Basically, the new version of WordPress refused to play nice with the presumably outdated version of Gutenberg I have running on my semi-neglected blog. It crashed everything, including my other private sites I have running on this installation.
As I’m going to be interviewing for a job that works on this platform, I’ve decided to read up on what Terraform is (as well as Nomad, but that’s for another post). This is actually something I’ve wanted to explore for awhile now, but haven’t had a good reason to get into it yet.
Terraform is very similar to AWS’s CloudFormation, which is basically Infrastructure as Code. However, the main advantage is that Terraform is platform agnostic, which means that I am able to use the same tool to deploy on multiple, different cloud providers. The catch however, is that the code is obviously different because services are different on different providers. Terraform basically just provides the platform/tool to manage it all in one place, but it’s way more powerful than that.
After watching a few talks and going through some documentation, the concept makes a lot of sense, and it might actually be pretty easy for me to deploy my own projects through this. Even though it would be a little pointless to use such a tool to deploy a single instance, hah.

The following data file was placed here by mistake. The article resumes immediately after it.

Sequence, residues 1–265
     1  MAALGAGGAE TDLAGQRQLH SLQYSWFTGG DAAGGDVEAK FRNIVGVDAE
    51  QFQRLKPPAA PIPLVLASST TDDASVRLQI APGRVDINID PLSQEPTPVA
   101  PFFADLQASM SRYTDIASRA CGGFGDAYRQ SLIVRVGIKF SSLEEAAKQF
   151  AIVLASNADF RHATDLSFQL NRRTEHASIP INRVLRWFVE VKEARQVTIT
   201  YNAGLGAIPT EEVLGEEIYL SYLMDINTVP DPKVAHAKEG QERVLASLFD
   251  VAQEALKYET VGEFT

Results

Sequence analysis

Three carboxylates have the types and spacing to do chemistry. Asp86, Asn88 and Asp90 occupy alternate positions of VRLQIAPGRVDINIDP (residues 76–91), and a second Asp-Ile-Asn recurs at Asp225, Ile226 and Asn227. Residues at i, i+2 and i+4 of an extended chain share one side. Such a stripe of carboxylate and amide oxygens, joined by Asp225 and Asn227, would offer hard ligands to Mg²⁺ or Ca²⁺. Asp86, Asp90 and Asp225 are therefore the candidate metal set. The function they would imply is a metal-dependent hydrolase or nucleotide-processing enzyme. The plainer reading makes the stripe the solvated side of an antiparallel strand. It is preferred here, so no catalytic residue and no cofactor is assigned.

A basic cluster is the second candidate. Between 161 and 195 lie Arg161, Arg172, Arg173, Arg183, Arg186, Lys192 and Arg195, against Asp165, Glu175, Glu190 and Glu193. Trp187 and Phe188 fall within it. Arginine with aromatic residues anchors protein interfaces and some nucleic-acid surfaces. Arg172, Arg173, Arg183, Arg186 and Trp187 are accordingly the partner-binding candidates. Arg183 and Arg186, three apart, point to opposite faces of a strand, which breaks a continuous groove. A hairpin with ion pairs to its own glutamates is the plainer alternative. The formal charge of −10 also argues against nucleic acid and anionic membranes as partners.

I gotta say, my mind is a little overloaded right now. But I am very impressed with how he managed to bring up an entire infrastructure across different platforms and region in <10mins. It’s also amazing that by SSH-ing into the bastion host, he was able to have access to all nodes across different regions, and schedule services to launch on them without switching regions. (thanks to the VPN)
I am excited to see what type of projects I could test deploy with this new tool.
Holy crap it has been 3 months since I last wrote something. I guess in the midst of being busy I lost the feel/drive to keep this updated.
It takes too much time to develop something simple with it
No boilerplate/templating within the framework means that it’s fast, but also means that I have to write a lot of native JS over and over again
Those 2 reasons, combined with the complexity of scaling with React correctly according to best practices got my head into such a spiral that it’s simply not worth the effort.
Instead I went with VueJS under the recommendation of my friend. And I gotta say, I managed to code with it way faster than React. Simply because there is a ton of templating code that reduces the amount of pure JS I need to write for simple things like looping. A v-for loop is much easier than a map function, where I have to deal with the type of objects and data type.